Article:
86
      Wednesday
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      Thursday
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      Friday
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      Busy 2012 hurricane season comes to an end

      November 30 marks the end of the 2012 hurricane season and it's been a busy one. Though no storms hit South Carolina, meteorologists say it's been among the most active seasons on record.

      Local emergency management officials say there's a lot we can learn from this season.

      Superstorm Sandy killed 125 people and caused more than $60 billion in damage in the Northeast. And Sandy wasn't even a category one storm, which Horry County emergency management deputy director Carissa Medeiros says just confirms what officials often say.

      "If it has 15 feet of storm surge coming with it, do you really care about the intensity of the storm?" Medeiros asked. "We're talking about personal safety, personal preparedness. Don't concentrate on that number anymore. It's not about the category."

      Medeiros says because Sandy wasn't officially a hurricane, too many people in the path of the storm didn't take Sandy seriously, putting emergency officials in a difficult spot.

      "They have to go back into those storm surge areas and evacuate people and put first responders in harm's way many times, and so I think that's a great lesson for us in trying to get the word out to our public."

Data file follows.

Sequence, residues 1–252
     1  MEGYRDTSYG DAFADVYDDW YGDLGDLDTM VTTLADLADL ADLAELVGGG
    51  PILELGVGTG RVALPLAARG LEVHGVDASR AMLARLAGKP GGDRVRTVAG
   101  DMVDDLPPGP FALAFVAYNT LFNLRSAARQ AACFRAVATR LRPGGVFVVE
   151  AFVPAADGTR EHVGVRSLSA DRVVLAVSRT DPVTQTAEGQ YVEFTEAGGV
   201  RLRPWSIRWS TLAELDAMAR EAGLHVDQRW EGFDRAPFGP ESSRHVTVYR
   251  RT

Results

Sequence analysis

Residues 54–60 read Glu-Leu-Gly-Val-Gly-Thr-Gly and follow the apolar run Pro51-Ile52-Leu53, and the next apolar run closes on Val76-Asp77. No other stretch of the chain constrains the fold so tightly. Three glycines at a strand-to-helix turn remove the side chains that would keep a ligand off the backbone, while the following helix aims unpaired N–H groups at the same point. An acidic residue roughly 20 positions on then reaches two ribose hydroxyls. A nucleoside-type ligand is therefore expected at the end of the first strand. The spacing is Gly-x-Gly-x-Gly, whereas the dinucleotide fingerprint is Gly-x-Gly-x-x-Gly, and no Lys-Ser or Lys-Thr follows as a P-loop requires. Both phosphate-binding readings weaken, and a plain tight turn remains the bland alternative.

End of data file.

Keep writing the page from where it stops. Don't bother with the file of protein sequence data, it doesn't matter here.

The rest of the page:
Officials say 2012 was a busy year, the third consecutive year with 19 named storms. Since 1851, only two seasons have been busier.

      Medeiros says the fact that none of those storms struck our area this year doesn't change a thing for us.

      "We really need to look at every year as being a high risk year, being a year that we could get 19, 20. It doesn't matter the number, it just matters the one that we need to be prepared for," Medeiros said.

      So if the category of hurricane doesn't matter and the number of storms per season doesn't matter, Medeiros says what does matter is storm surge, that wall of water that causes most of the damage from hurricanes, which is why emergency officials want people to "Know Your Zone": find out if you live in a high risk area for storm surge, and if you do, be prepared.